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June 30, 2010 / ballerina2thepointe

Jennifer Carlynn Kronenberg | Principal Dancer, Miami City Ballet

Photo by Joe Gato


Balanchine’s Rubies….One of my favorite ballets!

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  1. Rene bendana / Oct 14 2010 1:20 am

    My darling Jen, I have a whole different perspective on R/J. Being an actor, sometimes director, I see Juliet as a 14 year old with lust in her heart and at 14 we all knew everything – didn’t we. I’d like to know Carlos’ perspective. Sometimes stage and dance are two different cats. I f I were directing you, I’d have you revert and think back to when you were 14 and play it that way. I see Romeo with lust in his heart and growing up quickly at Mercutio’s death. I know Cranko’s version has more soft moments for the dance. That’s my view – what do you think.

    • ballerina2thepointe / Nov 3 2010 1:33 am

      I agree! I think that Juliet does have lust in her heart, but more innocently than Romeo…I feel like it needs to be coaxed out of her just a little bit. She hasn’t had the experiences and “trysts” that he has had (with Rosalinde, specifically, in the Cranko version). I feel that while she falls innocently in love/lust right away with Romeo, he is more at the stage of recognizing that there is a difference between the two. He is able to recognize and distinguish rather quickly that what he feels for Juliet is quite different from anything he has felt before.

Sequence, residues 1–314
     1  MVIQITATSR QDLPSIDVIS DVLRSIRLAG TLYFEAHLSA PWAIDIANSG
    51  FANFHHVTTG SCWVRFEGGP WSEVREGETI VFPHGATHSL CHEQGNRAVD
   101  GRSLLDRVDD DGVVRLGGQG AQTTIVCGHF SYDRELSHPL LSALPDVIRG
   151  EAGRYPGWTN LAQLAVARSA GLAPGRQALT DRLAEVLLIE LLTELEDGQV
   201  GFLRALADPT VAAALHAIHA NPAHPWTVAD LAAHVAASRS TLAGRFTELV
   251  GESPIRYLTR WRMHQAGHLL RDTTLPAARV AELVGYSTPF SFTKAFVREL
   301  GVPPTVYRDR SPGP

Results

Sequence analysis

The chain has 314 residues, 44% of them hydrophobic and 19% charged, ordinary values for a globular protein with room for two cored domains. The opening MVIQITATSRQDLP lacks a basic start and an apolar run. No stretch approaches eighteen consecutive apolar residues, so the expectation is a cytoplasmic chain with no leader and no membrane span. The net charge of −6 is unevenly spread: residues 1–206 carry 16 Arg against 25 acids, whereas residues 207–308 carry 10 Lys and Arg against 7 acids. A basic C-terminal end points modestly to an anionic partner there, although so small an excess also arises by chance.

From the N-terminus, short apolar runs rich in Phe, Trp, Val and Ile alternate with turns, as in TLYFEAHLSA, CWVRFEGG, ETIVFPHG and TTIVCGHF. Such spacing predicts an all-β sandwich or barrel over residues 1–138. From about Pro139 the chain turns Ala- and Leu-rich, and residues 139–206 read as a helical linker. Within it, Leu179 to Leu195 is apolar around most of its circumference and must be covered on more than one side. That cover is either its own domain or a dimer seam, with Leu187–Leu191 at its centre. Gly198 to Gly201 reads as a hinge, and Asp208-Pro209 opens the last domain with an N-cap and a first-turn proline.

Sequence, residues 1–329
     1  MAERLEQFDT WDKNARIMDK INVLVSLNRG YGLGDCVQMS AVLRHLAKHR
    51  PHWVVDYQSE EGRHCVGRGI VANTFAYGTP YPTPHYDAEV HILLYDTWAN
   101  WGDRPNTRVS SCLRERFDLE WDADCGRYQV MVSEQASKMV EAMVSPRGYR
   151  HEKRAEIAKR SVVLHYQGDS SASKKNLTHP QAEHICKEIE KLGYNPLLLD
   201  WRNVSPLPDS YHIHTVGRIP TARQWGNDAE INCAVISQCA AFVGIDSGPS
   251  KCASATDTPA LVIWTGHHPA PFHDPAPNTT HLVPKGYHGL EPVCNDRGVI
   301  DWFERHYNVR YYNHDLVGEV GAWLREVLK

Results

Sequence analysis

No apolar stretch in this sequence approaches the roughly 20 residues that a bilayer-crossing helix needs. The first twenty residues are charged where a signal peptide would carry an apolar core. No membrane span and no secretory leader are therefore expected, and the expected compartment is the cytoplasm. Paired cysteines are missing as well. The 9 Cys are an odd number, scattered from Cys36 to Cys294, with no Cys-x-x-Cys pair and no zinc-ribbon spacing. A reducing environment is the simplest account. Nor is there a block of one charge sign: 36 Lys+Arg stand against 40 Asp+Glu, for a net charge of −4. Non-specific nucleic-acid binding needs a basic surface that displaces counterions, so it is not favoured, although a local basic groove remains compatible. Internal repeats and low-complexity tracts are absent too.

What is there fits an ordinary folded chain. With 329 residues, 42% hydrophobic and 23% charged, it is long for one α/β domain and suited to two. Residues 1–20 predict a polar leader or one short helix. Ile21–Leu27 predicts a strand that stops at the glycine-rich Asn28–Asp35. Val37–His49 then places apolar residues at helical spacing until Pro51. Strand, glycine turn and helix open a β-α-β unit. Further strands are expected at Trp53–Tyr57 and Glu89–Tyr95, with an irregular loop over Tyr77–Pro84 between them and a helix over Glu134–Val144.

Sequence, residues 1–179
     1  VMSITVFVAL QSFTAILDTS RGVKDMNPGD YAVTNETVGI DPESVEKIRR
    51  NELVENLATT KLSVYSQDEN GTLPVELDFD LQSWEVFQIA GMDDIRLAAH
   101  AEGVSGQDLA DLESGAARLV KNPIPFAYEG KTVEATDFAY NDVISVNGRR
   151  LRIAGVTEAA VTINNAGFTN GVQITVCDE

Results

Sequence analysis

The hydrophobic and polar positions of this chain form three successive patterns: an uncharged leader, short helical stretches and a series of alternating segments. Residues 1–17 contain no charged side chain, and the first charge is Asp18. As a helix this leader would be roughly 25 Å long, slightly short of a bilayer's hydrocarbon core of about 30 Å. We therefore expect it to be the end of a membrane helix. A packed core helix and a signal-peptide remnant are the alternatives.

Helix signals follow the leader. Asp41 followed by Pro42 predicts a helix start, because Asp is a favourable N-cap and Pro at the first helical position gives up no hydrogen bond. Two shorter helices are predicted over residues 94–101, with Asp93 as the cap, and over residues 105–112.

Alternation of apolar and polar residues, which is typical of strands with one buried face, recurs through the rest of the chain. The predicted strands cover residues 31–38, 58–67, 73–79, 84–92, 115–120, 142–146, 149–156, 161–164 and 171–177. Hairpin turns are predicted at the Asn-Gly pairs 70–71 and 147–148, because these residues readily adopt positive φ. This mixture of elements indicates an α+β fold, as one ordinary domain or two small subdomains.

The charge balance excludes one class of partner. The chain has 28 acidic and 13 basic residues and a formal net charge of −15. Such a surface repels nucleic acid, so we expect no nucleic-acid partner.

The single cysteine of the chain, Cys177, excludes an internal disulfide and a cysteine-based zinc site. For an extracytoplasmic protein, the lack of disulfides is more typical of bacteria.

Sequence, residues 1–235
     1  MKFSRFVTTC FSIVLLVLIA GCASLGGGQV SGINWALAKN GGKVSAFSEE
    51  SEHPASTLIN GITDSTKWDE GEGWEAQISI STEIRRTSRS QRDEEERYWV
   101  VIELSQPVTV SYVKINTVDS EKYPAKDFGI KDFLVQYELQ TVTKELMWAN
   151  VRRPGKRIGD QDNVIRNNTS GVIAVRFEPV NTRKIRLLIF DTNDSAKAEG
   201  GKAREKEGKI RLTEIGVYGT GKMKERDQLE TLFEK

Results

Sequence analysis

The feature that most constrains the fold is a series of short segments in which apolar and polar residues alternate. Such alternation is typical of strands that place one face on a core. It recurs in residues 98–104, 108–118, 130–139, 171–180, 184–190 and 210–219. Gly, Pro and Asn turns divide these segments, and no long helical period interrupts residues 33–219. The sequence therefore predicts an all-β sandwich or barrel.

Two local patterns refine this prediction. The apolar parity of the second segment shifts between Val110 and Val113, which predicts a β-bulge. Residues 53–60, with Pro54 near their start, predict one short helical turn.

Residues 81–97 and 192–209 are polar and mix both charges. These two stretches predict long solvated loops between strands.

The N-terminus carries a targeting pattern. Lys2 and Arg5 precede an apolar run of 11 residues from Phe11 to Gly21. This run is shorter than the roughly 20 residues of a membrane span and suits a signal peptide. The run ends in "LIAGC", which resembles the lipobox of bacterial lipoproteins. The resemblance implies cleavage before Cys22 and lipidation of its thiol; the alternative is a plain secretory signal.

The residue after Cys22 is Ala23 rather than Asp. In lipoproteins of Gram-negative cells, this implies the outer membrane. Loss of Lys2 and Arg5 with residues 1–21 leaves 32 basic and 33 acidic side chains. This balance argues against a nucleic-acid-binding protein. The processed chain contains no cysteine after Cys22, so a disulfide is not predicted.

The dance differs from the stage a bit, in that we don’t have an actual script to go by. Alot of things in the story are gently implied, or even brushed over or omitted completely. It is a direct adaptation of the play, but each version will differ slightly. Each choreographer has their own notion of which scenes and characters are the most significant. In fact, there have even been some versions which are danced completely in one act alone. That’s a lot of story to fit into one act…similar to “Cliff’s Notes”, perhaps?

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